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Blood Cells Mol Dis. 2019 Nov;79:102346. doi: 10.1016/j.bcmd.2019.102346. Epub 2019 Jul 17.

Combined genetic disruption of K-Cl cotransporters and Gardos channel KCNN4 rescues erythrocyte dehydration in the SAD mouse model of sickle cell disease.

Author information

1
Renal Division and Vascular Biology Research Center, Beth Israel Deaconess Medical Center, Boston, MA, United States of America; Department of Laboratory Medicine, Boston Children's Hospital, Boston, MA 02115, United States of America.
2
Renal Division and Vascular Biology Research Center, Beth Israel Deaconess Medical Center, Boston, MA, United States of America; Department of Medicine, Harvard Medical School, Boston, MA 02115, United States of America; Department of Pathology, Harvard Medical School, Boston, MA 02115, United States of America.
3
Department of Laboratory Medicine, UCSF, San Francisco, CA, United States of America.
4
Renal Division and Vascular Biology Research Center, Beth Israel Deaconess Medical Center, Boston, MA, United States of America.
5
Institut de Recherches Cliniques de Montreal, Molecular Genetics and Development, Faculte de Medecine, Universite of Montreal, Montreal, Quebec, Canada.
6
Institute of Physiological Chemistry, Philipps-Universität Marburg, Marburg, Germany.
7
Institute of Human Genetics, Universitatsklinikum Jena, Jena, Germany.
8
Department of Laboratory Medicine, Boston Children's Hospital, Boston, MA 02115, United States of America; Department of Pathology, Harvard Medical School, Boston, MA 02115, United States of America.
9
Renal Division and Vascular Biology Research Center, Beth Israel Deaconess Medical Center, Boston, MA, United States of America; Department of Medicine, Harvard Medical School, Boston, MA 02115, United States of America. Electronic address: salper@bidmc.harvard.edu.

Abstract

Excessive red cell dehydration contributes to the pathophysiology of sickle cell disease (SCD). The densest fraction of sickle red cells (with the highest corpuscular hemoglobin concentration) undergoes the most rapid polymerization of deoxy-hemoglobin S, leading to accelerated cell sickling and increased susceptibility to endothelial activation, red cell adhesion, and vaso-occlusion. Increasing red cell volume in order to decrease red cell density can thus serve as an adjunct therapeutic goal in SCD. Regulation of circulating mouse red cell volume and density is mediated largely by the Gardos channel, KCNN4, and the K-Cl cotransporters, KCC3 and KCC1. Whereas inhibition of the Gardos channel in subjects with sickle cell disease increased red cell volume, decreased red cell density, and improved other hematological indices in subjects with SCD, specific KCC inhibitors have not been available for testing. We therefore investigated the effect of genetic inactivation of KCC3 and KCC1 in the SAD mouse model of sickle red cell dehydration, finding decreased red cell density and improved hematological indices. We describe here generation of mice genetically deficient in the three major red cell volume regulatory gene products, KCNN4, KCC3, and KCC1 in C57BL6 non-sickle and SAD sickle backgrounds. We show that combined loss-of-function of all three gene products in SAD mice leads to incrementally increased MCV, decreased CHCM and % hyperchromic cells, decreased red cell density (phthalate method), increased resistance to hypo-osmotic lysis, and increased cell K content. The data show that combined genetic deletion of the Gardos channel and K-Cl cotransporters in a mouse SCD model decreases red cell density and improves several hematological parameters, supporting the strategy of combined pharmacological inhibition of these ion transport pathways in the adjunct treatment of human SCD.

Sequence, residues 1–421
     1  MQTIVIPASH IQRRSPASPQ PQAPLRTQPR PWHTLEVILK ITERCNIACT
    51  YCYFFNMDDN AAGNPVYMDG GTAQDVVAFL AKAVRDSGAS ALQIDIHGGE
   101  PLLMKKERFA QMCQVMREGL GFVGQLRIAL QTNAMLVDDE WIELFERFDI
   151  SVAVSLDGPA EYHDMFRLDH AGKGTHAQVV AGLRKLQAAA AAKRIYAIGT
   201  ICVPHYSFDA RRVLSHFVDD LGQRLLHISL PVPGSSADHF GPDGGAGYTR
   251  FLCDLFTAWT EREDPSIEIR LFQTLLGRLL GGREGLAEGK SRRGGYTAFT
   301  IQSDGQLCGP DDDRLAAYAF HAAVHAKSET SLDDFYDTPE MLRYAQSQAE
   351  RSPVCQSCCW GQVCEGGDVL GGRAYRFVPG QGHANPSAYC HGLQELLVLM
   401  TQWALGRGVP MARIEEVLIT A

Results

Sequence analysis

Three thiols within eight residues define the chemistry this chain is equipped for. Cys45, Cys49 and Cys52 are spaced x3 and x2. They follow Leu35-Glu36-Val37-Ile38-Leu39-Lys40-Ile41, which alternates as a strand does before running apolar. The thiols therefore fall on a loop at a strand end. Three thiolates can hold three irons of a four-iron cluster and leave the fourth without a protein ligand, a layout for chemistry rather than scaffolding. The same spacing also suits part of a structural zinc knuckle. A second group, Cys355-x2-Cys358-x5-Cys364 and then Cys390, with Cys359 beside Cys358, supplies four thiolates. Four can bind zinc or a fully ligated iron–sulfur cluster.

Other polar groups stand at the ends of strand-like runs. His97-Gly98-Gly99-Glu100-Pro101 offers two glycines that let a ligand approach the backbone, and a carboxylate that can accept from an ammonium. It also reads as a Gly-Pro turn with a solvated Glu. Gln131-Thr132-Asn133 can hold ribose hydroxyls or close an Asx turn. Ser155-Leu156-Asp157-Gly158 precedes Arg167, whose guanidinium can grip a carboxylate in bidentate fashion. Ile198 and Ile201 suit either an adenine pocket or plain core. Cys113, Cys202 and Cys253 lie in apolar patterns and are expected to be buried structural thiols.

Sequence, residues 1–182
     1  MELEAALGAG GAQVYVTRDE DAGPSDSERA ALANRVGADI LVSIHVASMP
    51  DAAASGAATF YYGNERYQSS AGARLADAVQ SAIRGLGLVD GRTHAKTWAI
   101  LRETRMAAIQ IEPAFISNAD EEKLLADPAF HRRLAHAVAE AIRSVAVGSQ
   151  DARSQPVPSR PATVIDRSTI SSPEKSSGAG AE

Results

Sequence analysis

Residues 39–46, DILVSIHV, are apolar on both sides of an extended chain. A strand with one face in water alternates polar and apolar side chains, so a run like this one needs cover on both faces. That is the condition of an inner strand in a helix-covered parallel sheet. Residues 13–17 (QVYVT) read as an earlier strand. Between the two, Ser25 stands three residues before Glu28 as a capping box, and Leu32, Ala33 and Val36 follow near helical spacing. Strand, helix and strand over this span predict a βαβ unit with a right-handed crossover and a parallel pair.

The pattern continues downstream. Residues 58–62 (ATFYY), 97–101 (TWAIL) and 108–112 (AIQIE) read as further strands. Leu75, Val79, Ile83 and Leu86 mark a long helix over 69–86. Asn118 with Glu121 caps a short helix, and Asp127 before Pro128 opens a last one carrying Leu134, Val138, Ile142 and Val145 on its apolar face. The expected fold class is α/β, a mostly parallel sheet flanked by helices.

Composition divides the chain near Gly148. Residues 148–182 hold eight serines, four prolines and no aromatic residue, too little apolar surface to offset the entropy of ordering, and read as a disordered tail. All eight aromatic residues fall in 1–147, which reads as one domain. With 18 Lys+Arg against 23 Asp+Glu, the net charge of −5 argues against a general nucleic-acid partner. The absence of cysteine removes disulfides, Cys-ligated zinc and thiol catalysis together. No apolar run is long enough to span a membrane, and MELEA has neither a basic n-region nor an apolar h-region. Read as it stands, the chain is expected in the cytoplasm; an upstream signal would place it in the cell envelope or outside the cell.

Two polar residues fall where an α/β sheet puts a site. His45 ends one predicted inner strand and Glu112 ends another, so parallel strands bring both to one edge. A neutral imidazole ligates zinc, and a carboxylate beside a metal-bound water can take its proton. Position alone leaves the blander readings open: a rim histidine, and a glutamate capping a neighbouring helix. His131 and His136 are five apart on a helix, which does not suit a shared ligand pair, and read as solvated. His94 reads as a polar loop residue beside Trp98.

KEYWORDS:

Osmotic fragility; Potassium channel; Potassium transporter; Red blood cell; Splenomegaly

PMID:
31352162
PMCID:
PMC6744291
[Available on 2020-11-01]
DOI:
10.1016/j.bcmd.2019.102346

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